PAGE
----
Java EE tutorial

Dynamic pop-up content in ADF

Denis Danov
pop-up ADF java
Pop-ups image via Shutterstock

Here we look at how to use the Java EE upgrade ADF to build a system of pop-ups that dynamically reacts according to the user’s interaction.

For those who haven’t heard of it, ADF is a Java EE technology that is based on JSF (Java Server Faces). It upgrades the features of JSF with new components, a more separated life cycle, Business Model Layer and many other improvements. I am going to describe how you can create pop-ups with dynamic data that changes based on the user interaction.

In ADF it is advised to do most of the stuff in declarative way, which is the correct ADF way. In our example we are going to use this exact approach, meaning we will do everything declaratively.

To illustrate this method we are going to use a custom POJO called Employee which will be holding all the information for a given employee in a company, like first name, last name, birth date and salary. Our application will list all available employees and for each of them we can see more detailed information in a details pop-up.

For the page I am using brand new taskflow not based on page fragments and I have registered a managed bean as empListBean on the Page Flow Scope. This bean will provide a collection of employees and is used just to provide data. It can be changed in your practical scenario with objects that come from the DB or WS – it depends on the situation. For example, the employees are created and kept in the bean in a Map collection, where keys are the IDs of the employees.

We have visualised the employees in a table – nothing fancy here:

<af:table var="emp" rowBandingInterval="0" id="t1"
 <af:column sortable="false" headerText="First Name" id="c1" align="center">
    <af:outputText value="#{emp.firstName}" id="ot1"/>
 <af:column sortable="false" headerText="Last Name" id="c2"  align="center">
    <af:outputText value="#{emp.lastName}" id="ot2"/>
 <af:column sortable="false" id="c5" align="center">
    <af:button text="Details" id="cb1">
        <af:clientAttribute name="selectedId" value="#{emp.idCode}"/>
        <af:showPopupBehavior popupId=":empDetails" triggerType="click"/>

The key point here is that in the button component we have added an attribute tag to hold the current employee’s ID CODE. And we have used the declarative way to invoke a pop-up on the page via the showPopupBehavior tag.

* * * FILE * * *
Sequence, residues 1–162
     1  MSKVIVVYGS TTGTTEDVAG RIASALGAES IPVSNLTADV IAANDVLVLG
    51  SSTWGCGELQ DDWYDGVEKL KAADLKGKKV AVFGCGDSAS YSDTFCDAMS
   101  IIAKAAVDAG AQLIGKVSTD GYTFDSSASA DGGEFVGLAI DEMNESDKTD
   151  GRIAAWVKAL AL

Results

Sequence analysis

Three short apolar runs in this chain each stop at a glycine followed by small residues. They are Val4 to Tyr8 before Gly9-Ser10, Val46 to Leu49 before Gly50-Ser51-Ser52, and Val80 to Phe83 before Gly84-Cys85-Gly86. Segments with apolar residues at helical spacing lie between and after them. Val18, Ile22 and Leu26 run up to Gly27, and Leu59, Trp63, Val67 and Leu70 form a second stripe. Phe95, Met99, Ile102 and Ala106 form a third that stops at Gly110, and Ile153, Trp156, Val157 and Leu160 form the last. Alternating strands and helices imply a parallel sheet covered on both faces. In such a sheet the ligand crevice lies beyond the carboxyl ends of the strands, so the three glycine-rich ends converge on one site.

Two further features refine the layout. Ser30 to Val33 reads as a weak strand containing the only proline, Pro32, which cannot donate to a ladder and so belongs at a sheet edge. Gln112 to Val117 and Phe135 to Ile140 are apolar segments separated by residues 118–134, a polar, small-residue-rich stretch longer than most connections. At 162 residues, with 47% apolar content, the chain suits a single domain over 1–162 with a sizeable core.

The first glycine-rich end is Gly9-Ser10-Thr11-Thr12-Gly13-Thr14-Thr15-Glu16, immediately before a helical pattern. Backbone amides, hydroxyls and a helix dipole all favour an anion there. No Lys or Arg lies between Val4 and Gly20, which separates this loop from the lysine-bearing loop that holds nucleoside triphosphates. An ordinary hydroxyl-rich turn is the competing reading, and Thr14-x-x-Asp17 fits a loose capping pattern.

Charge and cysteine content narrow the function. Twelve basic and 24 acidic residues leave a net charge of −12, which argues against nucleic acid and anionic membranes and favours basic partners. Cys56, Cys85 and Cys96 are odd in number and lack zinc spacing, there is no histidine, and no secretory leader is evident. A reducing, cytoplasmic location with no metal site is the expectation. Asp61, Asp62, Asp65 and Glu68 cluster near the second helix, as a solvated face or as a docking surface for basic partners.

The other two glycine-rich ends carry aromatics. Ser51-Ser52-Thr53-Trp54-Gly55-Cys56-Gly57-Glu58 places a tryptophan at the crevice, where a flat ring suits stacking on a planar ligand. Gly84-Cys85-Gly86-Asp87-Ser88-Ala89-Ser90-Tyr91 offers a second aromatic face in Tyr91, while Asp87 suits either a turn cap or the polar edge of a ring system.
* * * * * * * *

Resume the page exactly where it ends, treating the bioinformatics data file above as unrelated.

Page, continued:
Now comes the pop-up part. It is not something hard, here it is how it looks:

<af:popup id="empDetails" launcherVar="source" eventContext="launcher"
<af:setPropertyListener type="popupFetch"
   from="#{source.attributes.selectedId}" to="#{}"/>
<af:dialog type="ok" title="Employee Details" id="d2">
    <af:panelFormLayout maxColumns="1" id="pfl1">
        <af:panelLabelAndMessage label="Birth date" id="plam1">
            <af:outputText id="ot3"
             <f:convertDateTime pattern=""/>
        <af:panelLabelAndMessage label="Salary" id="plam2">
            <af:outputText id="ot4"

Here it is important to check these two tags and their attributes:

<af:popup id="empDetails" launcherVar="source" eventContext="launcher"
<af:setPropertyListener type="popupFetch"
	from="#{source.attributes.selectedId}" to="#{}"/>

From the pop-up we declare that component that has invoked the pop-up to show up as source – here you can specify whatever name suits you. And for event context, we choose launcher which is predefined in ADF.

Then comes the setPropertyListener which sets some value from one place to another. The important thing here is that this value is set on popupFetch which happens before the user can actually see the data. Our from place is the attributes of the source component, where we have set the employee’s ID and we set it to the view scope under the name id which can later be referenced in the expression language. We use the id to get the correct employee from the Map in the empListBean bean and then we show the additional information for this person.

To create this example project I have used Oracle JDeveloper Studio 12c, which is the recommended IDE when you develop ADF applications. It can be downloaded freely from Oracle.

Denis Danov
Denis is a Java EE and Oracle Developer at Dreamix. // If this tutorial was interesting for you and you want to get the code so you can examine it, please e-mail me at [email protected] and I will send it to you.

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